Last Thursday, lawyers from Z LAW filed lawsuits against AT&T, T-Mobile, Sprint, and Verizon for selling the location data of its customers.
The lawsuit comes after investigations from the past year made by Motherboard and the New York Times that showed third parties were able to purchase real-time location data of customers from the big four U.S. carriers.
The lawsuit focuses on all four carriers for making your location data available to a Securus, a company that allows low-level law enforcement to access your location without a warrant. Separate complaints have been made against AT&T, T-Mobile, and Sprint for allowing other third parties to purchase the data, which eventually ended up in the hands of bounty hunters or others.
The class action lawsuit covers 100 million customers from AT&T and 100 million from Verizon, as well as 50 million for Sprint and another 50 million T-Mobile between the dates of April 30, 2015, and February 15, 2019.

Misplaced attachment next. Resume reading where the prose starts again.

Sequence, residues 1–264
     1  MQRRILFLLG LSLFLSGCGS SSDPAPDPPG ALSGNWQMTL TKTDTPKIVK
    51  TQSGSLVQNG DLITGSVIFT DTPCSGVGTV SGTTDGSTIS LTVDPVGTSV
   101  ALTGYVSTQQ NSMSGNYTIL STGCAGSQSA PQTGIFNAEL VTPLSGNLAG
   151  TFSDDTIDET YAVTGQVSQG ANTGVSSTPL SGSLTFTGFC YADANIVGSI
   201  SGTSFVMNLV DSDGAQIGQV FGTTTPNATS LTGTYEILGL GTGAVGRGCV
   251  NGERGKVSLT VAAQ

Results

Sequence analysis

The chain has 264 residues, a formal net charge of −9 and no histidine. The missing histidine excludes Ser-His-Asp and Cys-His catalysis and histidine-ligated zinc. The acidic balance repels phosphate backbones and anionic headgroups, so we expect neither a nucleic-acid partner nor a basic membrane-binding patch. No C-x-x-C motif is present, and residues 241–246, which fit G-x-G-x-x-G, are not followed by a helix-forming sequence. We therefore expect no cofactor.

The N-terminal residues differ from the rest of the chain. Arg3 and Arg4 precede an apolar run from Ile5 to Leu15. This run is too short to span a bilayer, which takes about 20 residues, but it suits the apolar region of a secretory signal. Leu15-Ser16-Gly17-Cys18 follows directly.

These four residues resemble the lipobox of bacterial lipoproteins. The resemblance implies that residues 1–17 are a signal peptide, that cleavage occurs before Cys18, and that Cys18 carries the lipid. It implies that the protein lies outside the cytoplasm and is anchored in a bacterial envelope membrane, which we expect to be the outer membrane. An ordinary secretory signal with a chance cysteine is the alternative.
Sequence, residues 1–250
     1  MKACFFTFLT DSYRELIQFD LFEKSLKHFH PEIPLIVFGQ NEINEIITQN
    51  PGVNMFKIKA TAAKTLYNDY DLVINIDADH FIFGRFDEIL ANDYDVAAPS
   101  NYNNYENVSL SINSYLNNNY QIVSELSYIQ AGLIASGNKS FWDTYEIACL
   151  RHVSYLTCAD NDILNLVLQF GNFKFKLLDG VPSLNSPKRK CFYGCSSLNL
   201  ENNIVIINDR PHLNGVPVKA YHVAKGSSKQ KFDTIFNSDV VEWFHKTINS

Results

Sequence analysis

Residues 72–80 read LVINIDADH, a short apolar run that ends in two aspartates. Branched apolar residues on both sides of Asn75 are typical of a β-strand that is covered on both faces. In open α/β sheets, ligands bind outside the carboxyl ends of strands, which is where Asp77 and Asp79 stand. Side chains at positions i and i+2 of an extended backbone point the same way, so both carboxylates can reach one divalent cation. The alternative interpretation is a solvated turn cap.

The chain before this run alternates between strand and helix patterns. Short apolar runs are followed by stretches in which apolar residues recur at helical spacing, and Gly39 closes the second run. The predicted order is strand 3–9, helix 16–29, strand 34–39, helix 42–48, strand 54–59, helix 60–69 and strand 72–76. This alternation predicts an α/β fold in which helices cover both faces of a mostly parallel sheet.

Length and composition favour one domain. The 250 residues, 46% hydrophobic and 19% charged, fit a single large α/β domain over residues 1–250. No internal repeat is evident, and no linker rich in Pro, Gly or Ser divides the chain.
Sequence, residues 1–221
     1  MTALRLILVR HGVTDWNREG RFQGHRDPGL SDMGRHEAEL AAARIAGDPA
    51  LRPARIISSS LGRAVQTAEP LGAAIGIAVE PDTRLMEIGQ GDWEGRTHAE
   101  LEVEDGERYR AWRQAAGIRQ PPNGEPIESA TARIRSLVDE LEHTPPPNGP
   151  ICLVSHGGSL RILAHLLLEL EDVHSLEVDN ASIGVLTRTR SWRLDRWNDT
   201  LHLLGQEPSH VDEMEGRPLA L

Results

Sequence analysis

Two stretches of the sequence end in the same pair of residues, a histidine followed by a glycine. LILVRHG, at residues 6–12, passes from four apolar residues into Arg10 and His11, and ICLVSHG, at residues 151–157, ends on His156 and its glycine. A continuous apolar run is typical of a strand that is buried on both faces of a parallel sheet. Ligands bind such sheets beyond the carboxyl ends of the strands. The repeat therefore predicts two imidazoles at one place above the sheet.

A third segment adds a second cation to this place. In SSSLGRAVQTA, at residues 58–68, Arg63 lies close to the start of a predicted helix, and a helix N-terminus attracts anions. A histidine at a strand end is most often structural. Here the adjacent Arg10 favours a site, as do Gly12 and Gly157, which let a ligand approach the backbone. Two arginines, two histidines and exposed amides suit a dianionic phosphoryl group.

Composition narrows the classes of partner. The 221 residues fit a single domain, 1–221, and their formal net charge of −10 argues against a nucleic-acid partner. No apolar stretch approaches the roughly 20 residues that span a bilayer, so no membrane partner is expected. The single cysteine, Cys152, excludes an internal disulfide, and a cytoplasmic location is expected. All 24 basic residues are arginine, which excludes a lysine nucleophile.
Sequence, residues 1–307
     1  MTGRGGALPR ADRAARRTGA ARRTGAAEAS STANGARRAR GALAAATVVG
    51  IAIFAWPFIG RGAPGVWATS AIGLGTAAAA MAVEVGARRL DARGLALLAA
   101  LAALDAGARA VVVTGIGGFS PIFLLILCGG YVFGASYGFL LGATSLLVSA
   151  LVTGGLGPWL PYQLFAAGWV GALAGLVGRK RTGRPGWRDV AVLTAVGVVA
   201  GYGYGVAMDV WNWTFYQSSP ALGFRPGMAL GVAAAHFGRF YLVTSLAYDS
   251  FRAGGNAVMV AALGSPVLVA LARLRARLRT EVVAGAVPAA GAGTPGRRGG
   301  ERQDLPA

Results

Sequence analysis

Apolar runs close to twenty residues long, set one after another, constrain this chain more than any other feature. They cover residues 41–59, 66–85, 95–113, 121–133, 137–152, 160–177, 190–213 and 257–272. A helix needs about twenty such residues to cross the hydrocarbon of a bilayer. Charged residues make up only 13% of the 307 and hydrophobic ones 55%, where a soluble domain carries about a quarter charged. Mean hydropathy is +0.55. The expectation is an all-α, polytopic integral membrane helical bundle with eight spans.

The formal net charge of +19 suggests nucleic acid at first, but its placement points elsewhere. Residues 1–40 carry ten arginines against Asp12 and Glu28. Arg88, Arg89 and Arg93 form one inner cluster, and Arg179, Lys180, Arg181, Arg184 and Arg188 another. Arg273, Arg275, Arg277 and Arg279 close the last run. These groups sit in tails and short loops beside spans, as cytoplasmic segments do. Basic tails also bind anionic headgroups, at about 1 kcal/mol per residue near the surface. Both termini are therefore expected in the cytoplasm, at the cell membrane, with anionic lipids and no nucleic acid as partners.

This lawsuit will determine if the carriers violated section 222 of the Federal Communications Act by allowing unauthorized third parties to access the plaintiffs' and class members' confidential proprietary information (CPI) and customer proprietary network information (CPNI).
The lawsuit is currently seeking unspecified damages that will be determined at trial. When contacted by Motherboard about the lawsuit, Sprint and T-Mobile had no comment, while AT&T and Verizon did not immediately respond.
Privacy is becoming harder and harder to come by in an always-connected world. Last month, we found out police were using Google Maps Timeline to collect information for cases. However, just last week, Google improved its privacy controls by allowing you to auto-delete your history every 3 or 18 months. Although that won't help keep you safe if your carrier is the one selling you out, progress is being made to make sure people feel safe about their data.
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